source.</p>
                                              
                                              <p>[...]</p>
                                              

                                              You can still format it to give the very same rendered page through trivial simple CSS.

                                              1. 2

                                                I’d rather use a static website generator that:

                                                • does not break backward compatibility every few months
                                                • does not require tents of dependencies
                                                • is packaged in Linux distributions
                                                • stays out of the way as much as possible e.g. by not forcing a fixed structure or language

                                                So far Pelican and staticsite fit the bill.

                                                1. 2

                                                  For my site (link on profile), I use PHP to dynamically create a blog from source files. In my case the source file is a single JSON file. I can write a Hugo/Jekyll compatible CMS in PHP that generates content dynamically.

                                                  1. 2

                                                    I thought I’d share some of my thoughts on HTML and static site generators. In this post, I explain and argue for what works best for me.

                                                    1. 2

                                                      Seamonkey is like the Windows XP of web browsers. Horribly out of date but still hanging on despite all common sense…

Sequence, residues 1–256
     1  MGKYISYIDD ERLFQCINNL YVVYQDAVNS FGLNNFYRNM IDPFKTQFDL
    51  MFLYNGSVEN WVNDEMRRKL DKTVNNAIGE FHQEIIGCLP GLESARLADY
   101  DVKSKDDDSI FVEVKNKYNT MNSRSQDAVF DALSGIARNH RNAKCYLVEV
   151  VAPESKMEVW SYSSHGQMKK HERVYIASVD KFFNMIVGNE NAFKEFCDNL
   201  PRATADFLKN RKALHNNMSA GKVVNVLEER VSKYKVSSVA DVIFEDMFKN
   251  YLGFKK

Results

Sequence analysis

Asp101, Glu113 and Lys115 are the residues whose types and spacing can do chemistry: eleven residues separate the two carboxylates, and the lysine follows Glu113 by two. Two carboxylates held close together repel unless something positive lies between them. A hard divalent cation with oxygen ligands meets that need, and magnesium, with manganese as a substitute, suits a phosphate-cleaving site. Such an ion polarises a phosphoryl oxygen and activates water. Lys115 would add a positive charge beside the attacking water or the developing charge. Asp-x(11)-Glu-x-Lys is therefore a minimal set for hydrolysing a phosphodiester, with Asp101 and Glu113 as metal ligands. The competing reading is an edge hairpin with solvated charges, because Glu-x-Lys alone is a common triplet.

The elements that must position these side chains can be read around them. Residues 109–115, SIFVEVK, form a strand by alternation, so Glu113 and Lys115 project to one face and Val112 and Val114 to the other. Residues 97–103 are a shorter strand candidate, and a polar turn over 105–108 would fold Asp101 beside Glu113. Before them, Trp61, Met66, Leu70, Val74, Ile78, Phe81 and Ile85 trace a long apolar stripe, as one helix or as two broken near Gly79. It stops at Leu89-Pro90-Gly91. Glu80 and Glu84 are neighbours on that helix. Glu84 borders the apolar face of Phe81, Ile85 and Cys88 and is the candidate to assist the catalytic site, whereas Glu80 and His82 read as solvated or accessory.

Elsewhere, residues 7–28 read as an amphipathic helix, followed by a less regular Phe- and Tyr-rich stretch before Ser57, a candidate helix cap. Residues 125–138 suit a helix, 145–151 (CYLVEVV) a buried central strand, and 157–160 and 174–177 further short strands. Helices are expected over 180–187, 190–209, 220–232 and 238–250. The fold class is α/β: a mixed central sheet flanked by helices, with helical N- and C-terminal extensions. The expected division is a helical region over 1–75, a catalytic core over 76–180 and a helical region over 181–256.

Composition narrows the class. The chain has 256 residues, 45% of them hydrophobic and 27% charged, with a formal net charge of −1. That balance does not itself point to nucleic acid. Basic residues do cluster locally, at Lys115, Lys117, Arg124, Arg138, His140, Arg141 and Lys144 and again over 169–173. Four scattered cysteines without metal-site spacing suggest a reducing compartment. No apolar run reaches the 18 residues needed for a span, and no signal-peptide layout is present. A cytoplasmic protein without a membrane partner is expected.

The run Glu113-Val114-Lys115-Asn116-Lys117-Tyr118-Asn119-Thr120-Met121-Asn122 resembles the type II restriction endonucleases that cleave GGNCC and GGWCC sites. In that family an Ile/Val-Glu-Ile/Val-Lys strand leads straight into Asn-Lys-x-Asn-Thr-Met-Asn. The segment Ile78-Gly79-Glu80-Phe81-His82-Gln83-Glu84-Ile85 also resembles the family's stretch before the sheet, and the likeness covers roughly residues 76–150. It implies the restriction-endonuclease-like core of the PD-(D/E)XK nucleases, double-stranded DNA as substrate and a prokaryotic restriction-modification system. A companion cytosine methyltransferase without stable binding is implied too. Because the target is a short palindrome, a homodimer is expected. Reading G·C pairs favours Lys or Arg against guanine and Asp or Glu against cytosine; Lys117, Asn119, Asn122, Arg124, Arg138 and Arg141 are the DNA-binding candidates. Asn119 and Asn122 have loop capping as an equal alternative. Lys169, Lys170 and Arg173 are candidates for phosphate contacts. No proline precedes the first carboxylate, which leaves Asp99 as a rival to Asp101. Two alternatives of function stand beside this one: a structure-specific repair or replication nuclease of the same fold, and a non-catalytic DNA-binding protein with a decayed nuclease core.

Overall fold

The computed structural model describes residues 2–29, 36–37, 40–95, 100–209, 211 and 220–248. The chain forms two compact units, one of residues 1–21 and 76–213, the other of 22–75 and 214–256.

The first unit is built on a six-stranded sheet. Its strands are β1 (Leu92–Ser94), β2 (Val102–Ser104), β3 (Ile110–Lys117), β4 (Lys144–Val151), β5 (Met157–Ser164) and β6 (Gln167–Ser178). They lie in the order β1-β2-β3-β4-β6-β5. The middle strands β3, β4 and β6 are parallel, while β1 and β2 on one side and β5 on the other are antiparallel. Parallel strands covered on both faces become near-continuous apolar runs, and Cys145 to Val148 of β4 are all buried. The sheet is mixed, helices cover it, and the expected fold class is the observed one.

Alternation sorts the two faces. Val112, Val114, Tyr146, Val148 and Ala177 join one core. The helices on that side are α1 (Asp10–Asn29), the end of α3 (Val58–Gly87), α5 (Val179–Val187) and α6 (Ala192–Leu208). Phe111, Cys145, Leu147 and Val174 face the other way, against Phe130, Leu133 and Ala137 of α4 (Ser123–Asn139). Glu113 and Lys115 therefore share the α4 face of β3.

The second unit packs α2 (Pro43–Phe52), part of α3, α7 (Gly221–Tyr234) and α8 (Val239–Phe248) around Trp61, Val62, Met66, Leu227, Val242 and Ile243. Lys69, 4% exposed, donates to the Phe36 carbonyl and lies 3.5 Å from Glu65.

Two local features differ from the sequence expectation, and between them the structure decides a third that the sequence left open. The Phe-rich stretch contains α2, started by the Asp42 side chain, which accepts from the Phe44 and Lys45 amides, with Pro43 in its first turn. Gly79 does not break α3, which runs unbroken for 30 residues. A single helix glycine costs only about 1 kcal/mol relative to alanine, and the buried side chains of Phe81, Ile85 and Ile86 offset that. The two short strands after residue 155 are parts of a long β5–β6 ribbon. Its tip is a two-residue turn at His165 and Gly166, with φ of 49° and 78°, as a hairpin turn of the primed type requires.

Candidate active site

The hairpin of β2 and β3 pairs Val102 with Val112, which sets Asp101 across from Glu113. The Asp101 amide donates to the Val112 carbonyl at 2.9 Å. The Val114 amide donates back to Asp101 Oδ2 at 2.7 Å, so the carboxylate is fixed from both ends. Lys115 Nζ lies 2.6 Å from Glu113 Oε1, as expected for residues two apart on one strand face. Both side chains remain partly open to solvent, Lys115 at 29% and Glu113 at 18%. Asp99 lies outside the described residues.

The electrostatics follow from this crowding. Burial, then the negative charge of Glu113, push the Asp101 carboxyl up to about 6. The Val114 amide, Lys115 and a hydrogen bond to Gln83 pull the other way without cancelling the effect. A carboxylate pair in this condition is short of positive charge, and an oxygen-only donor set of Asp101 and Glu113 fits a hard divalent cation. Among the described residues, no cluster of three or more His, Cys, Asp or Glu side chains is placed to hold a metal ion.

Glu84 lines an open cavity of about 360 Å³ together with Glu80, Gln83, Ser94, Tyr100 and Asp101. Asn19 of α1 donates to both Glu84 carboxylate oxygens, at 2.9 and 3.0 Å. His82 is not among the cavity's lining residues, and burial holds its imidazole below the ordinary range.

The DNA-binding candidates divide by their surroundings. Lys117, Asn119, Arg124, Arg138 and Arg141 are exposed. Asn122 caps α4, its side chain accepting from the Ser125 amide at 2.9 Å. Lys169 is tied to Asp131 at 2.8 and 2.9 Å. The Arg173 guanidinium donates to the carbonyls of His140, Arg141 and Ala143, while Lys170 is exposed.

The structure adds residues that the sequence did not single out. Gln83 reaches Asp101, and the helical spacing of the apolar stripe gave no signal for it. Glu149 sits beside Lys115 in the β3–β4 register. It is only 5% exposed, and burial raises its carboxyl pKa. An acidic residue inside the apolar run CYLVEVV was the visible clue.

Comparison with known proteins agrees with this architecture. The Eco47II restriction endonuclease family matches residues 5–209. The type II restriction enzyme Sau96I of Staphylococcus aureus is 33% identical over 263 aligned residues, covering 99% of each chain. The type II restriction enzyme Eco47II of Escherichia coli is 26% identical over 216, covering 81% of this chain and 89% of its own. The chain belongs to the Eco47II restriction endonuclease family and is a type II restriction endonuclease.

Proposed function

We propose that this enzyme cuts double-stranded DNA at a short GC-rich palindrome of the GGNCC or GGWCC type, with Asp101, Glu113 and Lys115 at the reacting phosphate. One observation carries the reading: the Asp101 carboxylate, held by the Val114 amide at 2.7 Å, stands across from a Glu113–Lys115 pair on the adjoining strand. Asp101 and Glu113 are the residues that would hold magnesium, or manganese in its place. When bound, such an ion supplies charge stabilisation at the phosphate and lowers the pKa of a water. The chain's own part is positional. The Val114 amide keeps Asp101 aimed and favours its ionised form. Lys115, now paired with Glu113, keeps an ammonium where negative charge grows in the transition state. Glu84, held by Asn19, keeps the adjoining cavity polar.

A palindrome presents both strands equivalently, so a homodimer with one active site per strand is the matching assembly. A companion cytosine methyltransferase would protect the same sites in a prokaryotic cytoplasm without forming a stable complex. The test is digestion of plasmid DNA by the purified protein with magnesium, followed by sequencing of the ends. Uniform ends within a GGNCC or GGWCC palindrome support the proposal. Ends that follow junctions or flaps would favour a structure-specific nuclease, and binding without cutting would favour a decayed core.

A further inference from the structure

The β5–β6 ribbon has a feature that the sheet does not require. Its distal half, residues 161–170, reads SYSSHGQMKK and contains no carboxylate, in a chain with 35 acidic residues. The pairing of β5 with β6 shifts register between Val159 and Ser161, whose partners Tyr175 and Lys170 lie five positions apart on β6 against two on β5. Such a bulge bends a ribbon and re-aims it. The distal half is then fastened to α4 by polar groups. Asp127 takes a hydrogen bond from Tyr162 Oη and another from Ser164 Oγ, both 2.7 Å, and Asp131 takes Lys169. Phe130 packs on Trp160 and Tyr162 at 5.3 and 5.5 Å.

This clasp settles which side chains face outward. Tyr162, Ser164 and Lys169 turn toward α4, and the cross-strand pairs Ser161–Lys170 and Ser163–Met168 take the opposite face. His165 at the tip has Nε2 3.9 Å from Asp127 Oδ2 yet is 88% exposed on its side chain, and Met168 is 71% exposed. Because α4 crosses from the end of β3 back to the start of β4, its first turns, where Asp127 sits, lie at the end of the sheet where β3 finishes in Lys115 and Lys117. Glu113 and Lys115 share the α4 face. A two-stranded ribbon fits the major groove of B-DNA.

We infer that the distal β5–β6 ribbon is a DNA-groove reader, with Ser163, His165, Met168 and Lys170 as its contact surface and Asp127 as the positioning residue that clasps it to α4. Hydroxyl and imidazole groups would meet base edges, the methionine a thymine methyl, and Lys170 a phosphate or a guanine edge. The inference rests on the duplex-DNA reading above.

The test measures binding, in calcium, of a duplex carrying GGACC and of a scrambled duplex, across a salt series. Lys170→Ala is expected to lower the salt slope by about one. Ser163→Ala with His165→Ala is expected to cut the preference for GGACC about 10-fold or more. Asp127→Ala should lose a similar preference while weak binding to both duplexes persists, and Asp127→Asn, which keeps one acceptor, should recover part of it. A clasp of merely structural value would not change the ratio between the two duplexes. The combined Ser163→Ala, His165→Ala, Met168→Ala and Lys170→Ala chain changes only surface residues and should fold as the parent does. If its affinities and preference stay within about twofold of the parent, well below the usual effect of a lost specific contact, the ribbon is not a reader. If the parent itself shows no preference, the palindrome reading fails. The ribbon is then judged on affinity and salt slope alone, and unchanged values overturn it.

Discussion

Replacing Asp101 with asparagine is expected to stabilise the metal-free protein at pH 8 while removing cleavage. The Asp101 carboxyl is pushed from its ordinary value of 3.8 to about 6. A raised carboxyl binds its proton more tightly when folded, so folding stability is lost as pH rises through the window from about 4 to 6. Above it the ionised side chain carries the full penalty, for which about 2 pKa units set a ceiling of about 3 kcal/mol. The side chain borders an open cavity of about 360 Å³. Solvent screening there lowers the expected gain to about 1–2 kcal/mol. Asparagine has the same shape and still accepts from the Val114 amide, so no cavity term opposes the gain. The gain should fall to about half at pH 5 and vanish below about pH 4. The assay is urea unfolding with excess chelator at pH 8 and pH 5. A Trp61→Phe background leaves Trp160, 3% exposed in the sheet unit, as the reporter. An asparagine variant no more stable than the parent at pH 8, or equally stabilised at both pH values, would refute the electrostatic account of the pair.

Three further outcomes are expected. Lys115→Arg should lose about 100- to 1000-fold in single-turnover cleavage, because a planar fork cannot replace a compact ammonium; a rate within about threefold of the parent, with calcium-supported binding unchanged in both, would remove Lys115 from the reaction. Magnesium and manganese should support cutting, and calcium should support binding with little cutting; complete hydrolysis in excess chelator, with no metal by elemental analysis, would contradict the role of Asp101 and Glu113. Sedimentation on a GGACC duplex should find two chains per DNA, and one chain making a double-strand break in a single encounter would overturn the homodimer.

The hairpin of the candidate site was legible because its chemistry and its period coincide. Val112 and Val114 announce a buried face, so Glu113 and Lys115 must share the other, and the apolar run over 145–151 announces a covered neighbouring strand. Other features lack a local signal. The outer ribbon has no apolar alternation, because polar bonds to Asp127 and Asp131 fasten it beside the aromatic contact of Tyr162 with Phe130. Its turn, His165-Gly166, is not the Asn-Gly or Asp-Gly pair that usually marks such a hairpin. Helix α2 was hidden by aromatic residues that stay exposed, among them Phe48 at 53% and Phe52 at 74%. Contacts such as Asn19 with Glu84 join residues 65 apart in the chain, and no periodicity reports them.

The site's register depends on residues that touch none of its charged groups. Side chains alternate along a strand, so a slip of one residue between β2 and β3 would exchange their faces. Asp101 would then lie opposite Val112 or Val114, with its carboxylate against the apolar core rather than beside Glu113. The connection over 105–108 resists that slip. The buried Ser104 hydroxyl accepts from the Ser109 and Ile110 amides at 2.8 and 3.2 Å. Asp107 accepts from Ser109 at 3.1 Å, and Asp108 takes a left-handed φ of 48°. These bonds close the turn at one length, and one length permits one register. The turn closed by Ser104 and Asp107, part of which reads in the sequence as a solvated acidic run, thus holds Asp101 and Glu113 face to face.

1. 5

                                                        I don’t agree. In terms of functionality and interface, it’s one of the best browsers out there, and it’s one of the only WYSIWYG HTML editors out there.

                                                        I think its continued existence is healthy for the web ecosystem; I’m afraid that sentiments like the one in your comment are increasingly leading to a monoculture controlled by Google.

                                                        1. 1

                                                          Preaching to the choir, buddy. I used Seamonkey back when it was just called “Mozilla” and “Netscape Navigator” before that. And then on and off once Firefox became a thing. It’s sad that they’ve basically just been playing catch-up to Firefox since.

                                                          1. 1

                                                            Well, I didn’t know you were part of the choir. It didn’t seem that way from your original comment.

                                                            It’s sad that they’ve basically just been playing catch-up to Firefox since.

                                                            Yes, Seamonkey is a great piece of software, and it’s sad that they don’t have enough resources or developers to properly maintain and develop it.

                                                      2. 2